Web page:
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In CSS3 First Look, staff author James Williamson provides an in-depth introduction to the newest CSS standard, detailing its modular format, history, and current level of browser support, while also demonstrating its capabilities and applications. The course includes tutorials on using new selectors, modifying typography and color, working with the box model, and understanding media queries. Exercise files accompany the course.
Writing an @font-face declaration is only the first half in the process of using web fonts. Once you have the declaration defined, you can then reference the font's defined name throughout the rest of your styles. To utilize our ChunkFive font, we now need to find the font-family declarations that we wanted to add it to, and modify those font stacks. So I have the main.css file. Then you might want to open up the index.htm or explorers.htm as well to test a little bit later on. Okay, so what I am going to do first is I am going to find the items on the page that I want to reformat using our new font.
To do that, I am just going to test this in a browser so you guys can see what it is that we're going to be targeting. Explore our world your way, we're going to use ChunkFive for that, Tour Spotlight, I want to use ChunkFive for that and Explorer's Podcast, and then in our callouts, these headlines, Tour Spotlight and Monthly Specials, I want to use Chunk Five for that as well. So I am going to close this and go back into my CSS file. Now the first selector I need to find is on about line 116. It's the callOut h1. Those are the sidebar divs or those callOut divs and it's the heading for those guys.
So I always like to have my font declarations towards the top. It's just me. So right at the very top of this I am going to type in font-family and here I am going to build my own font stack. I am going to put the ChunkFiveRegular. Remember that is the name that we used, and at this point, maybe I am thinking hey! Chunk would have been better. After that I am going to follow that up with Georgia. So you need to give it an alternate font. Times and then serif. So that gives us some fallback content in case ChunkFive doesn't load for whatever reason.
It will use Georgia. All right, after that, I am going to type in font-weight. Since this is a headline, I want to do normal, so it's not bold because this is a very bold font. And then I'm going to do a little bit of letter spacing here. I am going to do 1 pixels worth of letter spacing, at a smaller font size. These Chunk Five can get kind of tight. So by doing 1 pixel worth of letter spacing that's at least give me a little bit of extra space between them. All right! Next I am going to scroll down and find the mainContent h1. It's on about line 312.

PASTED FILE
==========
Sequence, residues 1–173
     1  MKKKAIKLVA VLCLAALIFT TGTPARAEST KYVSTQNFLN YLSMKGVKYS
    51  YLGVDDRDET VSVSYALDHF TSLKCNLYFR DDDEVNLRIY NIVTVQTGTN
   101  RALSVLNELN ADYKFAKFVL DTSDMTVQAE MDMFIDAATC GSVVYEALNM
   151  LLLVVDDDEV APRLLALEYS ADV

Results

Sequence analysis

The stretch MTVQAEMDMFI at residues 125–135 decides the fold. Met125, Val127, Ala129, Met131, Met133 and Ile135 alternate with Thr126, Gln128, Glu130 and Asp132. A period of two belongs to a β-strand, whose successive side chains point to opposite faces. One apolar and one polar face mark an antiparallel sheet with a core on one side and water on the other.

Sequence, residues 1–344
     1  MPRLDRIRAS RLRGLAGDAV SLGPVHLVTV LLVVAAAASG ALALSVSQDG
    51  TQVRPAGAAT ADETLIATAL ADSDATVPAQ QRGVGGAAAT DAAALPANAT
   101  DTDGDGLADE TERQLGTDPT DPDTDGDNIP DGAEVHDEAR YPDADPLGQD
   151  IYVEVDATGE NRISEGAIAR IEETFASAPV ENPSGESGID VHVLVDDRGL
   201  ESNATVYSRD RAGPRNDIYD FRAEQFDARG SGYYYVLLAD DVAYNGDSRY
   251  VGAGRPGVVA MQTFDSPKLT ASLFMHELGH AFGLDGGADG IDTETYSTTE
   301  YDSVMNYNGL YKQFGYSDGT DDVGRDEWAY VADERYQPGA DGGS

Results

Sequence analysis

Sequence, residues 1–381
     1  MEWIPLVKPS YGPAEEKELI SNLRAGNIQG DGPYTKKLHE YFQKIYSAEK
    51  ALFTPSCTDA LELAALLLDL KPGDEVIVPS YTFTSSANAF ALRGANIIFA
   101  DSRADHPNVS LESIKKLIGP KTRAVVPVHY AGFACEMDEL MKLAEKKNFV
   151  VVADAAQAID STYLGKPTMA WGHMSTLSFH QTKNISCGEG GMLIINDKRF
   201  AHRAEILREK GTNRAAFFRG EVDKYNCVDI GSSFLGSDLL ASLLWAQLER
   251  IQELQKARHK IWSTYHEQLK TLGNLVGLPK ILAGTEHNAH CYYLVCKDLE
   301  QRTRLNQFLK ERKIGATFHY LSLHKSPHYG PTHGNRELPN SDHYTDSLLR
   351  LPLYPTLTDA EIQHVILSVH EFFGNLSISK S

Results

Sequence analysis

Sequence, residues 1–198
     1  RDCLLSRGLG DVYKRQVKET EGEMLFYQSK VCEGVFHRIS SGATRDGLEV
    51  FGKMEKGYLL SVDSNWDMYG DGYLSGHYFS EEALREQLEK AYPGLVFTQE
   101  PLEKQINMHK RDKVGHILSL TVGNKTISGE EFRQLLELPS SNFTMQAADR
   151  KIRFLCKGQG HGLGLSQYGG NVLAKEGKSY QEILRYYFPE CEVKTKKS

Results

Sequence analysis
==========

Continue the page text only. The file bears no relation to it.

That is right there. mainContent h1. And you'll notice that we already have a font declaration there, so we're just going to modify this. So it's going to say normal 2.5em. That's fine. I am going to remove the Times New Roman. I've got a bunch of these already and I don't need that. But at the very front of this, I am going to do ChunkFiveRegular and then another comma. So exactly what we had before. As a matter of fact, you should get to a point where you can just copy and paste these declarations. Margins, I am going to change this up a little bit.
You can see right now, for top margin I have .5ems and nothing on sides and then the bottom is .25 ems. Well, what I am going to do is I am going to take that top margin and get rid of it as well. It all has to do with the weight and the spacing of the font. It's a little bit of a bigger font. Letter-spacing, instead of -1 pixels, I am going to actually add a pixel, so again space this out a little bit. I am also going to change the color of this. For color, I am going to do #193742. Now, why am I doing that? Well, the original color of this is black, and this is such a large font and so solid that if you leave it black, it just sort of dominates everything else.